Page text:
It’s been over three years since Nosaj Thing (real name: Jason Chung) released his stunning debut Drift. In that part of Nosaj’s career it was easy to pin him running with the LA beat scene crew, heavily rooted in hip-hop while starting to take inspiration from weirder electronic places. His productions, though eclectic, still resembled something that someone could actually rap over. The forward momentum of tracks like “Lights #1” and “Lights#2” outnumbered the wandering of “2222” moments.
Home, the long-awaited sophomore album, finds Nosaj exploring new song structures and sounds in a markedly more introspective tone. Looking at this LP in comparison to its predecessor, the warm synth work is replaced by an icier sound pallet. “Glue” plods into dark territory unlike anything he’s ever done before while the direct links too hip-hop are separated even further in exchange for often Burial-esque patterns on cuts like “Tell” and “Safe”.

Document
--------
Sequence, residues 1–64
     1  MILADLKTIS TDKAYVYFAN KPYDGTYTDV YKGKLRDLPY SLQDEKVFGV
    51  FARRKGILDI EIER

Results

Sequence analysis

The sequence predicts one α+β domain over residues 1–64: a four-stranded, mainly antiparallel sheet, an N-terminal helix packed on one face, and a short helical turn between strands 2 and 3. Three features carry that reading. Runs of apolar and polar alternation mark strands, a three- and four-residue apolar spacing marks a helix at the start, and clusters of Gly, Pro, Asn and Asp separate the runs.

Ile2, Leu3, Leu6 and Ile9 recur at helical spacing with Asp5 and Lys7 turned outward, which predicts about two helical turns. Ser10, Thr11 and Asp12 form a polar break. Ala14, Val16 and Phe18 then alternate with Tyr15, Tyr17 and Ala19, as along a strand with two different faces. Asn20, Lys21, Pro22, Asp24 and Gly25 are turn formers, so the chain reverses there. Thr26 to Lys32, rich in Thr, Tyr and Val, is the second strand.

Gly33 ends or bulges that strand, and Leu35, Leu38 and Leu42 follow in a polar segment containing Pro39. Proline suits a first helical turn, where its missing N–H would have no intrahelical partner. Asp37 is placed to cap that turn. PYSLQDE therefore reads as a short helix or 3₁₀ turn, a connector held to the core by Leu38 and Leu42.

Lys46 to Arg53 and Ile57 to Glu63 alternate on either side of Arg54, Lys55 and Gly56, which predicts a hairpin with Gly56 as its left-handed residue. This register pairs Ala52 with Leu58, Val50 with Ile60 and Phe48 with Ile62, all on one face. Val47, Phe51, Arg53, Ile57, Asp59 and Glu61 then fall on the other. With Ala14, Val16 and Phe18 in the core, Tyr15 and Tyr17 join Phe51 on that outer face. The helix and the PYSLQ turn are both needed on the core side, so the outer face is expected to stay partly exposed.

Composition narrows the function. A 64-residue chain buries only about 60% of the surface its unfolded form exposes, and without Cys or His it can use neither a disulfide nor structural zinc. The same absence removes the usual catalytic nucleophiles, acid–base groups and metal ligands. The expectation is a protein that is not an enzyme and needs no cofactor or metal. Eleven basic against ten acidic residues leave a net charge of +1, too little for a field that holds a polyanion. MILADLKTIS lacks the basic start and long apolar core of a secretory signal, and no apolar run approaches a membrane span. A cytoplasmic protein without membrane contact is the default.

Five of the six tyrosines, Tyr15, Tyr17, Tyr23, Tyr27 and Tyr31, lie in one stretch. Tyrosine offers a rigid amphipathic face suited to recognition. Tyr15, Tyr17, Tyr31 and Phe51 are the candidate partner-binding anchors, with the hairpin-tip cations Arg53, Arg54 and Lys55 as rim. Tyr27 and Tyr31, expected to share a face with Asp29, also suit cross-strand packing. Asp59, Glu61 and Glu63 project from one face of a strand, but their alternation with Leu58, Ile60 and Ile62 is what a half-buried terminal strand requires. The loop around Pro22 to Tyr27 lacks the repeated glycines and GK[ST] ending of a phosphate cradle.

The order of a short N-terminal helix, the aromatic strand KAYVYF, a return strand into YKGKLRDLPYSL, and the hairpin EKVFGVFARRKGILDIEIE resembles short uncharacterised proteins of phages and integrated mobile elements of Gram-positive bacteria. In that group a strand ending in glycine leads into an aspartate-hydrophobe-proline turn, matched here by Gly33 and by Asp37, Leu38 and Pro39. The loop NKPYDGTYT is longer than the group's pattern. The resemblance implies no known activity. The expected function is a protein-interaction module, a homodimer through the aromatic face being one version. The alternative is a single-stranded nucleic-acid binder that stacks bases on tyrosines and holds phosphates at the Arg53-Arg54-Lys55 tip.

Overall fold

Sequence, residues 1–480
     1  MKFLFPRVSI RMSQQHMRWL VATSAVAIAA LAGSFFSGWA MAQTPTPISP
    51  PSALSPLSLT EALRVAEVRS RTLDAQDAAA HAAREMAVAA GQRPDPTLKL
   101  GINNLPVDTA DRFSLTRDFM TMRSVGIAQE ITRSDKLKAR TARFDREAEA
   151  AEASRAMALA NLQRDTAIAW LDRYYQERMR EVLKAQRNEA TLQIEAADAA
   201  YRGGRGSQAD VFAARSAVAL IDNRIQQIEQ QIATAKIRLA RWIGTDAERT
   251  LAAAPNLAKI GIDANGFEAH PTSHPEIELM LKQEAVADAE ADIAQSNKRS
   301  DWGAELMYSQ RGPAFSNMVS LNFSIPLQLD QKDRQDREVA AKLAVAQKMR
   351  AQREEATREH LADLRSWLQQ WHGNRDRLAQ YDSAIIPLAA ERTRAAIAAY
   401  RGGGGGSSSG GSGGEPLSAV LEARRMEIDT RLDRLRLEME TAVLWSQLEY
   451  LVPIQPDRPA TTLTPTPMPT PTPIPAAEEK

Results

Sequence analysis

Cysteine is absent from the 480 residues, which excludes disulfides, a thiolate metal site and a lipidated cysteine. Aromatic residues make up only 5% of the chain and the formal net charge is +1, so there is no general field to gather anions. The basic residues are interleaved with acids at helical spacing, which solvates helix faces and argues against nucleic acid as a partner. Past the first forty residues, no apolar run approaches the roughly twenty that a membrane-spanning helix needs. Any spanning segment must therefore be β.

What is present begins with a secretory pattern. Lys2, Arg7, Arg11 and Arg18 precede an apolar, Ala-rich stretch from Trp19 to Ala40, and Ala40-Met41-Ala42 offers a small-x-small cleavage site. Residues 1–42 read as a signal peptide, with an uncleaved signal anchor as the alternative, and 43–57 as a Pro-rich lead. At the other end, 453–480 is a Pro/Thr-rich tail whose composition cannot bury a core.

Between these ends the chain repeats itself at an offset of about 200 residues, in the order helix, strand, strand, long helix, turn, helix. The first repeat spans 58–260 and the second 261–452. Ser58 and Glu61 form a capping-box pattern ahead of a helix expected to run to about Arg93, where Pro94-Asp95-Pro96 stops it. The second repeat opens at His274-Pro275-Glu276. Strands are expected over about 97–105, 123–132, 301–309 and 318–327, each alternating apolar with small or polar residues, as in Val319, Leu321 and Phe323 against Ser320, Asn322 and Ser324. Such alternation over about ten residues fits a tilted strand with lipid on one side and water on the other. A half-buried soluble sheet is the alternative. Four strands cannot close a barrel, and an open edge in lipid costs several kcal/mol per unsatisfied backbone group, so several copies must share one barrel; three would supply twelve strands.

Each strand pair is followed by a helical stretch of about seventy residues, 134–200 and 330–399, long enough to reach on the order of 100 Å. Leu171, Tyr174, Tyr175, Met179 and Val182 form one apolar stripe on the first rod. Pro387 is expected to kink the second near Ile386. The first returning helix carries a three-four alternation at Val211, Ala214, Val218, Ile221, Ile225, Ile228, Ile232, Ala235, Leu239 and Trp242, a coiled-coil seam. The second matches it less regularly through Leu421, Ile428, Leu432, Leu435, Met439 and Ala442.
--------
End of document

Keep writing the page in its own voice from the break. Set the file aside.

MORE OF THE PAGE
Drift was an album that was immediately rewarding. Less than three minutes into that record your head was nodding more than almost anything on his new record will do. The closest connection on Home, in name and execution, is “Lights#3”, closing the record out with neck-snapping percussion and a beautiful, full-bodied atmosphere. That’s not to say new territory for Nosaj can’t be equally intriguing. “Try” featuring vocals form Toro y Moi and “Eclipse/Blue” with Kazu Makino show Nosaj as skilled with a performer as he was with any sampling in his past.
If Drift is the arrival of a breakout producer then Home is the introspective follow-up. With a quick glance of the record it’s easy to let it pass over you; it doesn’t demand attention so much as casually pass by. What it lacks in immediate satisfaction it makes up for in detail and emotional depth. In less than 40 minutes we hear the sounds of how Nosaj Thing has developed as a producer, but it’s ultimately just a more detailed picture than ever of where Jason Chung as been as a person.